Sorry for the delay bookworms, but here it is – my full post for Sea of Strangers by Erica Cameron! I am participating in the Sea of Strangers Blog Tour, hosted by Chapter by Chapter, which I am so excited about! Unfortunately weather, travelling and family commitments delayed this post, but I am still excited to share it with you all! For the remainder of the blog tour stops, or to check out previous stops, check here!
Sea of Strangers by Erica Cameron is the second book in an epic fantasy series titled the Ryogan Chronicles (you can find my review for Island of Exiles here), by Cameron, which will be released on December 5th, 2017. The Ryogan Chronicles is currently predicted to be a trilogy, so there’s at least one more book to look forward to in this fresh and exciting fantasy series (Disclaimer: I received an Advanced Reader Copy of Sea of Strangers from Entangled Teen in exchange for an honest review)!
The only way for Khya to get her brother back alive is to kill Varan—the immortal ruler who can’t be killed. But not even Varan knew what he was doing when he perverted magic and humanity to become immortal. Khya’s leading her group of friends and rebels into the mountains that hold Varan’s secrets, but if risking all their lives is going to be worth it, she has to give up everything else—breaking the spell that holds her brother captive and jeopardizing her deepening relationship with Tessen, the boy who has been by turns her rival and refuge since her brother disappeared. Immortality itself might be her only answer, but if that’s where Khya has to go, she can’t ask Tessen or her friends to follow.
I had really enjoyed the first book in this series, Island of Exiles, and I couldn’t wait to read the next installment in this sprawling YA fantasy series! With engaging characters, human struggles, a society that (in some ways) is reflective of our own, and an engaging mission, I couldn’t imagine what I wouldn’t like about this one!
I have to spend a moment here talking about the fantastic world building in this series: It’s complex, diverse in so many ways and oh-so-amazing for the reader! As with Island of Exiles, I simply loved the sprawling nature of Sea of Strangers. Cameron immersed readers in a rich and intense culture – one that is similar but unique to the culture explored in Island of Exiles. The Ryogans have their own prejudices and problems, and they are also subject to the changing nature of their environment, just of the residents of Shiara are, but this new continent also brings with it a while new host of problems, beliefs and magical understandings. There are (seemingly) no easy solutions to this struggle, and new information emerges at every turn, quickly grabbing the reader’s attention and hanging onto it as the story progresses. Furthermore, the magic system was well established in Island of Exiles, and while complex and vast, it did not feel too overwhelming – although I would recommend a quick re-read of Island of Exiles to refresh yourself. Each new power was explained, and each caste of magic-wielder has a title and a role, making it easy to follow along. And, perhaps more importantly, this character and term heavy novel featured both a character list and a glossary.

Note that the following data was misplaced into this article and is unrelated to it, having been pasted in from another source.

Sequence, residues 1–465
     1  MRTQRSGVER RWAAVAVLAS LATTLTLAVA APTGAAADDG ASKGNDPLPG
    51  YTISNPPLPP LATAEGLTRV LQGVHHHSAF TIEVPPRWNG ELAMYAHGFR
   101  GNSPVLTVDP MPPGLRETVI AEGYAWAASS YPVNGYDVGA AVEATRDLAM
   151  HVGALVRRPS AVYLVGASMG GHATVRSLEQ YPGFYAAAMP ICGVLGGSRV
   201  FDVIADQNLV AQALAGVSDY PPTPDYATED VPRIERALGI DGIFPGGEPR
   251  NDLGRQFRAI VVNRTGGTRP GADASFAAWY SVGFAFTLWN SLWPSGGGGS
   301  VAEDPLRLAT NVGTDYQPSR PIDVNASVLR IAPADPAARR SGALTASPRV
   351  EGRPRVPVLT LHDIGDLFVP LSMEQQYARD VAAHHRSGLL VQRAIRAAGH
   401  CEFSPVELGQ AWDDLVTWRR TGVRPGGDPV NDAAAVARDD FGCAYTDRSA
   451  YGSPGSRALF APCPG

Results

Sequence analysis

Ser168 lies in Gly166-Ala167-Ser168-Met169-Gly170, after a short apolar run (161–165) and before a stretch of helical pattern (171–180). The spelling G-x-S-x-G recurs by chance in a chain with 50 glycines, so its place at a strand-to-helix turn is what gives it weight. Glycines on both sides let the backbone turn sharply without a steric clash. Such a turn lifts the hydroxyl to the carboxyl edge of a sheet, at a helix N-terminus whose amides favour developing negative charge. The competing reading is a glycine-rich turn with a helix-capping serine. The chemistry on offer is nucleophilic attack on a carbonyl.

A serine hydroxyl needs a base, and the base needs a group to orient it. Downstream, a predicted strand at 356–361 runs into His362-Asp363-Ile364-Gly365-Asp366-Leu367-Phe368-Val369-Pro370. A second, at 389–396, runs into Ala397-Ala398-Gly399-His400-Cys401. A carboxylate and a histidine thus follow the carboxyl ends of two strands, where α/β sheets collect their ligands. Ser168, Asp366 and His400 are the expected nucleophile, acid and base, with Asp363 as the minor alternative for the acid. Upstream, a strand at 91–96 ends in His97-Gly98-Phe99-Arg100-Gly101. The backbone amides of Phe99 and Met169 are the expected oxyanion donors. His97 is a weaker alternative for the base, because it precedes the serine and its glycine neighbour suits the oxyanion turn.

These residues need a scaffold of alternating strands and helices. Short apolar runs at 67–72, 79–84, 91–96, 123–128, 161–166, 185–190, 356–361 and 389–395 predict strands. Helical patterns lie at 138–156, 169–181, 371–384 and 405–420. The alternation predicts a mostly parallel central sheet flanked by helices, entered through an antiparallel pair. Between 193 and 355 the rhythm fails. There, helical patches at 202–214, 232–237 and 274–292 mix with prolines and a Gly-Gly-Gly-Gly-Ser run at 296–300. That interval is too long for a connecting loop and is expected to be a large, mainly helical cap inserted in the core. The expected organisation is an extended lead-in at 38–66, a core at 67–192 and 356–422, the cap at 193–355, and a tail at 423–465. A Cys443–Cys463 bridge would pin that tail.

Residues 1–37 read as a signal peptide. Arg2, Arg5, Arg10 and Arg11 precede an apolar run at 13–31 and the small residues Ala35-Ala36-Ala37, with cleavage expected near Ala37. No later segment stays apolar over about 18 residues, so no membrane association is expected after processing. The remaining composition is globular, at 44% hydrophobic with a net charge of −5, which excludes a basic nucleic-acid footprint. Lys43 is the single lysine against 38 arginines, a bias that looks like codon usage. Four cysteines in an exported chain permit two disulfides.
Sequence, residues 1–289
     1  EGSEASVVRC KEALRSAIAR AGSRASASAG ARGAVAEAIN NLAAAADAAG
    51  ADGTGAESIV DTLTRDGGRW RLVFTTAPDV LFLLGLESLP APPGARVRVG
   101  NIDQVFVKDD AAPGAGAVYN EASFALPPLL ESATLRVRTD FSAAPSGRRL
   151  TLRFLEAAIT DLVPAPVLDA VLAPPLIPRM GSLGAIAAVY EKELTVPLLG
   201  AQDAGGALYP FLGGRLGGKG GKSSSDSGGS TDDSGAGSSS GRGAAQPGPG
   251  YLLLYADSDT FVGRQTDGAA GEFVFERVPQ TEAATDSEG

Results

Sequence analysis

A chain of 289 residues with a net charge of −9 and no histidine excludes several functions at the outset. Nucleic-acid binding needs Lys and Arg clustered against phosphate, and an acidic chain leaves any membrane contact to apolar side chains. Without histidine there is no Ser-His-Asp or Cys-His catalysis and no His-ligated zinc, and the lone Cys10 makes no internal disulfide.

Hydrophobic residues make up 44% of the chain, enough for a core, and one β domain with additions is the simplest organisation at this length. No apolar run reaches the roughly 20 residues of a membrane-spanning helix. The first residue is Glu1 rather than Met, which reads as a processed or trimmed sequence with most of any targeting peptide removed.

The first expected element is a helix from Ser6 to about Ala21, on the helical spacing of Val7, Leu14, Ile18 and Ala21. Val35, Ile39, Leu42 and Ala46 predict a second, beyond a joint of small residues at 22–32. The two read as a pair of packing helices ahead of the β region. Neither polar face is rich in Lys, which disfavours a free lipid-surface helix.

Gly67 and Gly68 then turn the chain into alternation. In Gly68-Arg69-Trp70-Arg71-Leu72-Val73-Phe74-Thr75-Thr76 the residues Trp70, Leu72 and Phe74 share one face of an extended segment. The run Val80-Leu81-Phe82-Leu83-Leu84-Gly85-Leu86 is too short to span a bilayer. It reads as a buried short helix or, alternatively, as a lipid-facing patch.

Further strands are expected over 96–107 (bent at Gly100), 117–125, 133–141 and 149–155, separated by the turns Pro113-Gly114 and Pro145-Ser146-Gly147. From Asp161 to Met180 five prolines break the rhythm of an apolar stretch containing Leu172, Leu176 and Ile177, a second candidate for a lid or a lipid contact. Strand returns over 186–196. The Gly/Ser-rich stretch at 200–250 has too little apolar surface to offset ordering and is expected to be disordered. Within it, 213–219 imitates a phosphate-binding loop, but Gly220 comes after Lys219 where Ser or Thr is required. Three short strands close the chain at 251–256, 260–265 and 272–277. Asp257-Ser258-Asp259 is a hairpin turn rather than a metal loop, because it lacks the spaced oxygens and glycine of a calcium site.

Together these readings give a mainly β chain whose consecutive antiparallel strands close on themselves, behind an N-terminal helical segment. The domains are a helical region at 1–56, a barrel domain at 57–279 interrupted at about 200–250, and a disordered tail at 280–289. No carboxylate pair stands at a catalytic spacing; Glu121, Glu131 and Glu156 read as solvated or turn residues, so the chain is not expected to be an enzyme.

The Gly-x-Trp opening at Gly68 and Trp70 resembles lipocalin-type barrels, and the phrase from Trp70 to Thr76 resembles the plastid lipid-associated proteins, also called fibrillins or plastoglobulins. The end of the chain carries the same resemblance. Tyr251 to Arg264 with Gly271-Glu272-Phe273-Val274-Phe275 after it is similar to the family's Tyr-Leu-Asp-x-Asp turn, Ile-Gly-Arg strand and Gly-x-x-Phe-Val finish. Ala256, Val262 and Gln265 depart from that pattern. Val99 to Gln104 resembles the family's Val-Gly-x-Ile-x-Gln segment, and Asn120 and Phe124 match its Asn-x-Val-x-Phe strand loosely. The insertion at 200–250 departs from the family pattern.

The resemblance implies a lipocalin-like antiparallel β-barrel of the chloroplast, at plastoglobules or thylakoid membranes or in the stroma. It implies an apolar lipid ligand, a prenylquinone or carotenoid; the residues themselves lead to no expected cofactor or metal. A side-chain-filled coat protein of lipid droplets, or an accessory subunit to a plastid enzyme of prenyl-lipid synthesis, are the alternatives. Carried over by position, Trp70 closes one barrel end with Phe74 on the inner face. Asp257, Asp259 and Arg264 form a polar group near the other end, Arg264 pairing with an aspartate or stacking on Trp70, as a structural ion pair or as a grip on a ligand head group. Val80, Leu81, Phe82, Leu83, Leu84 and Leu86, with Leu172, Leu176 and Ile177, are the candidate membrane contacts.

Now, on to the plot of Sea of Strangers. As mentioned, the plot is quick, action-packed and full of twists and turns. Not only this but the plot just flows so instinctively and never feels forced. The characters are faced with situations and frustrations that make so much sense and there’s absolutely no unrealistic surprises which I can definitely appreciate! As I have mentioned before, a pet-peeve of mine is when authors create some mythical power and/or item at the last moment that is conveniently capable of solving all the problems presented throughout the story in one fell swoop. Cameron instead sticks to her guns, with minimal alterations to the pre-established magic system, and what few new reveals she does insert are far from what could be described as the Holy Grail of solutions.
While this was a fantastic and epic fantasy adventure that will certainly have fans of the YA Fantasy genre intrigued, it was the inclusive nature of Cameron’s writing that really reeled me in. The diversity is amazing and what I love about it is that it is so raw and genuine without ever being forced upon the reader that ‘this book is diverse’. It’s not there for the sake of being diverse – it just is diverse. There’s diversity of culture, of skin colour, of gender (including a third gender), of sexuality (including asexuality). Cameron handled to topic of LGBTQ2+ characters, racial diversity and cultural diversity with ease, twisting the topics together until they felt natural within the society she has created. I especially lied how, at the beginning of the novel, Cameron had a character list. While this is not uncommon, especially in YA Fantasy novels with large casts, it was something else that Cameron included on this list that caught my eye – she included the preferred pronouns of all of her characters (he/him, she/her, em/eir). Beyond this, Cameron also tackles the topic of prejudice against individuals of supposed “deviant” sexual prejudices and different abilities/physical features. While the society in Shiara was generally accepting of these differences, the Ryogans are less so, and this is perhaps a reflection of our own society.
Overall, readers of the genre will really enjoy this addition to this fantasy series by Erica Cameron, which presents a sprawling, diverse world with complex issues and a wealth of magical power. Readers will be ensnared by the scope of the world Cameron is creating, but also by the depth of the characters, and the humanity behind their struggles (4.5/5).